HUNTSVILLE, Ala – The day the Omicron variant is identified in Alabama is the same day Huntsville Hospital is observing the anniversary of administering its first COVID-19 vaccines to medical personnel. 13 COVID-19 inpatients have died during the month of December, 8 of them in the past week. It’s been a year full of challenges as doctors and nurses battle the pandemic. They fear, there’s still a long fight ahead.
On December 16, 2020, people embraced as the first COVID-19 vaccines were administered at Huntsville Hospital. Dr. Jeff Walker, a trauma surgeon, was the first person to be vaccinated.
“The CEO called me and said, ‘hey by the way you’re first.’ It was an unexpected surprise,” Dr. Walker said.
Back then the hospital was full and treatments were more limited.
“We were admitting a lot of patients with COVID. We had ICUs full of COVID patients and every day we were seeing people coming into our department having to be intubated,” said Dr. Sherrie Squyres, Emergency Room Medical Director.
Administering the first vaccine was a sign of better days ahead.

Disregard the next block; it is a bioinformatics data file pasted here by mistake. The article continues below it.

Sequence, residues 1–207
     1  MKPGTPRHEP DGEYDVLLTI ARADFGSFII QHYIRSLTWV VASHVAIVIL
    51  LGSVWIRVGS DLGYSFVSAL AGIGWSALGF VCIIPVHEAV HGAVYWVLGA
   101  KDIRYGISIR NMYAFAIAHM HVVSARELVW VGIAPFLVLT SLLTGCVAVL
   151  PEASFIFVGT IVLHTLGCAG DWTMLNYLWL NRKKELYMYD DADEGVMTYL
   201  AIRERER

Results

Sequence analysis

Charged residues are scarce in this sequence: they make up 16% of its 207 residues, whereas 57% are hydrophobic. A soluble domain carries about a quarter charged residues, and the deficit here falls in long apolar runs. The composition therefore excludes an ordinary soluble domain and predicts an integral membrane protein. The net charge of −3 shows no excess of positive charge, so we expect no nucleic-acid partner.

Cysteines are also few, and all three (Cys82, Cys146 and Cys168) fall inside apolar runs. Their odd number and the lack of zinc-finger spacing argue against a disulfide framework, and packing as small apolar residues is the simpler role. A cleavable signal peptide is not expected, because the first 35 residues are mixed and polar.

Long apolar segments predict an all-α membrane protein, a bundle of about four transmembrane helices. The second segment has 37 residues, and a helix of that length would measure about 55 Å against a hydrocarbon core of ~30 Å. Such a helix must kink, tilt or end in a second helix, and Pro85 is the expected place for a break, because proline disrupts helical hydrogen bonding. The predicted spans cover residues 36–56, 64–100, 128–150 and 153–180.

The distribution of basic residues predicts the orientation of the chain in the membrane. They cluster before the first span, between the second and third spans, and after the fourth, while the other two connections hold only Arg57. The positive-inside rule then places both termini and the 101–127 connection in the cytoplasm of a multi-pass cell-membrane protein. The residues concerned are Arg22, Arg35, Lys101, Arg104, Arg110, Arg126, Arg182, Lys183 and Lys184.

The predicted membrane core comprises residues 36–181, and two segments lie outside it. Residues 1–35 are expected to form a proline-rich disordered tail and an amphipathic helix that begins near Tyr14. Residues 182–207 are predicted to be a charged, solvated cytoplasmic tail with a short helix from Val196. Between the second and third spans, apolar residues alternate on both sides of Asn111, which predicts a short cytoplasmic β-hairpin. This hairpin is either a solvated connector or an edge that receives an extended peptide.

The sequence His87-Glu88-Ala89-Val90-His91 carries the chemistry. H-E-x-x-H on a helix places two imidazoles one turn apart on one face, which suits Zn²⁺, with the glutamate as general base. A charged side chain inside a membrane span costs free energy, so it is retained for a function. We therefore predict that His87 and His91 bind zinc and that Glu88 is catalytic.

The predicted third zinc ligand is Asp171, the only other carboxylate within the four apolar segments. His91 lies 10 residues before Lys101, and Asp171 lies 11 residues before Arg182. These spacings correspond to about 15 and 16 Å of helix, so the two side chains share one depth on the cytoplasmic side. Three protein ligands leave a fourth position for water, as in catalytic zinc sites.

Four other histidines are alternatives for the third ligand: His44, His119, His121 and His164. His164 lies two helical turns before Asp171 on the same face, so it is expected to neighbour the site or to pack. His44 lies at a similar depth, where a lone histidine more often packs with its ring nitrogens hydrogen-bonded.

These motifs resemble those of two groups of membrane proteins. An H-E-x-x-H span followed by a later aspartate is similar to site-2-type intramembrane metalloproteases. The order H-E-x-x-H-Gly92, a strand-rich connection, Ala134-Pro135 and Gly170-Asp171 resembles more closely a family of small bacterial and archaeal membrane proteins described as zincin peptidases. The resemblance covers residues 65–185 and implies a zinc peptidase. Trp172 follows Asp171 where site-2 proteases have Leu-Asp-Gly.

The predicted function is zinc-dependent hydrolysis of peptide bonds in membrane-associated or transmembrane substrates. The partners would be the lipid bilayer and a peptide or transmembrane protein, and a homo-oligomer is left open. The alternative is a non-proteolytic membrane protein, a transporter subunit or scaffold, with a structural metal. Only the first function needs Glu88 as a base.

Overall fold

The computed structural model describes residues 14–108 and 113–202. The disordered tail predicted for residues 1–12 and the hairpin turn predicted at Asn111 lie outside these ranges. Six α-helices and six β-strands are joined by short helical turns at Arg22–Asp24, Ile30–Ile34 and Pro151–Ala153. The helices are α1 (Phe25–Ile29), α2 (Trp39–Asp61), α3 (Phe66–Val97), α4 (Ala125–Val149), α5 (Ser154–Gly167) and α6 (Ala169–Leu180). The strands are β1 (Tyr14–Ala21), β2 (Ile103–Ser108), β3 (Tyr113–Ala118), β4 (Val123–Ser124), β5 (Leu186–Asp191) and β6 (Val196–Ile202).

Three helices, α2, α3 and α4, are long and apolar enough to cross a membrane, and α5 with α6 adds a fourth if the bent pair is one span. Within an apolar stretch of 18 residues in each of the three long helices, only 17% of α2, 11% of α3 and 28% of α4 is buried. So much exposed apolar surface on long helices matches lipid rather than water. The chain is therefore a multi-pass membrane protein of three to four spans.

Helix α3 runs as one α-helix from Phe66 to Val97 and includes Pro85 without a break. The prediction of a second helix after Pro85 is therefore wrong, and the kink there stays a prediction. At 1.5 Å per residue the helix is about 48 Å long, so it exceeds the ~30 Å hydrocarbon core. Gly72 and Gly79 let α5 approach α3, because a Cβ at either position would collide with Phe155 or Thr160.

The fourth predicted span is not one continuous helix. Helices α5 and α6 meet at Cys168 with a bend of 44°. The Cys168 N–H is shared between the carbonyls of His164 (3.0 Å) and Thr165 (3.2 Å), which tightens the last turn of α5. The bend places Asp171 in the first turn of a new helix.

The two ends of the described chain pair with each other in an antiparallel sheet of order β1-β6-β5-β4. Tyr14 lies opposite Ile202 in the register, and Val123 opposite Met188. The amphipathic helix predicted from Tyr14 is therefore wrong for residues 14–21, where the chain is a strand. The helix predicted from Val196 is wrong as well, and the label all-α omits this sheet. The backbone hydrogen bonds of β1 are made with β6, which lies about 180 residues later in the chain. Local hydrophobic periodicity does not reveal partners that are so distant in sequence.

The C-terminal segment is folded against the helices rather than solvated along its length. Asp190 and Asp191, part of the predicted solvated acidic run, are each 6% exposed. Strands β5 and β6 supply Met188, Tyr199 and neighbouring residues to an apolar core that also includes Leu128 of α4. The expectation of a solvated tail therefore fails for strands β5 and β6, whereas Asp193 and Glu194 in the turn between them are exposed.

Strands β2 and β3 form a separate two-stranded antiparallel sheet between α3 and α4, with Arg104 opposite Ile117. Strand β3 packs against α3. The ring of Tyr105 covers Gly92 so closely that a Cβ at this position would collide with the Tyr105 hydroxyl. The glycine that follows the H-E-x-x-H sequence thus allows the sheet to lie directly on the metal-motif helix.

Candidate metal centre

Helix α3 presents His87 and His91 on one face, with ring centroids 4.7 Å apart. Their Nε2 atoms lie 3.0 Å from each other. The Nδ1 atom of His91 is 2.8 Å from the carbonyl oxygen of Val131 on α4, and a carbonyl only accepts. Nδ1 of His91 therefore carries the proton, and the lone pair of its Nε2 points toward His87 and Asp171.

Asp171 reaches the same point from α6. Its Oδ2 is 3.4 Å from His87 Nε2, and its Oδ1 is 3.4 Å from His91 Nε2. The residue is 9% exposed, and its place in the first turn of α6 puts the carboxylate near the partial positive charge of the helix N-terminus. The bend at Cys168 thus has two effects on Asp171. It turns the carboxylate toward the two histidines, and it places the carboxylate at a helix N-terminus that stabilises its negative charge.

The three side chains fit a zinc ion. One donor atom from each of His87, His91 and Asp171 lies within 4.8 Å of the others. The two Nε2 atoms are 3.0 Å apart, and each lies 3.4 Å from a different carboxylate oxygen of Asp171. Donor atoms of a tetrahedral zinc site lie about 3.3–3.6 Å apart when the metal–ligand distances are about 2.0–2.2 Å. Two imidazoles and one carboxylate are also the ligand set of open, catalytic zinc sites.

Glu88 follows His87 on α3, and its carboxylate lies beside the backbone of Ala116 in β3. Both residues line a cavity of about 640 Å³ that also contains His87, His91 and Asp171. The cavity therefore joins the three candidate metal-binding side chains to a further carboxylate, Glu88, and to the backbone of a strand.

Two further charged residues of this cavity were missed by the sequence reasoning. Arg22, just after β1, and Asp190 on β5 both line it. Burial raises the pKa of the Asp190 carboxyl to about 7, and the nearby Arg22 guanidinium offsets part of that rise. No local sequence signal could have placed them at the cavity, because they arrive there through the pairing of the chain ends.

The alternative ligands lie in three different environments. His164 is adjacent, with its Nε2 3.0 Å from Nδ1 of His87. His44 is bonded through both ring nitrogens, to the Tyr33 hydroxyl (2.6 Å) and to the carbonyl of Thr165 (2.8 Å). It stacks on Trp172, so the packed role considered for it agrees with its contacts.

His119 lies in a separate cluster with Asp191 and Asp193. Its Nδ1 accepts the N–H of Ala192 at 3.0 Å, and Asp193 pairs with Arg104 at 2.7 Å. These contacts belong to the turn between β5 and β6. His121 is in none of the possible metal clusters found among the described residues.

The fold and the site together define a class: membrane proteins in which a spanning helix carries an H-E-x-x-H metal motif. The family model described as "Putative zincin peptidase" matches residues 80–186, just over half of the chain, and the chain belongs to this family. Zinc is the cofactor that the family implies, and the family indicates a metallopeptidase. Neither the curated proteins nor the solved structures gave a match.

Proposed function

“There was a lot of hope that it would change our lives, and really open up the community again, and get us back to our normal lives,” Dr. Walker remembered.
Doctors didn’t know the aspiration of soon ending the pandemic would not be realized and many people would be resistant to getting the vaccine.
“And I don’t think that was expected at the time,” Dr. Walker said.
As cases once again surged, peaking with about 220 COVID patients in Huntsville Hospital over the summer, physicians were able to realize a trend.
“90 percent of the patients that are in the ICU are unvaccinated patients,” Walker stated.
Currently, cases are much lower than they were a few months ago.
“We still do have COVID patients, and I don’t want people to think that this is over. I think it’s far from over,” Dr. Squyres said.
As doctors watch the Omicron variant spread, they are concerned about another wave.
“We’re kind of taking a breather right now a little bit. Anticipating the next wave is a bit overwhelming. We’re very concerned about the staff and nursing levels and it’s a big strain on the system,” Dr. Walker stated.
Medical staff urge people to get vaccinated.
“If you’re scared of the vaccine, I would be much more scared of COVID,” Dr. Squyres explained.
As concern grows about the chance of another COVID-19 surge, doctors are also asking people to also get their flu shots. They say it’s a way to be proactive to prevent other types of future hospitalizations.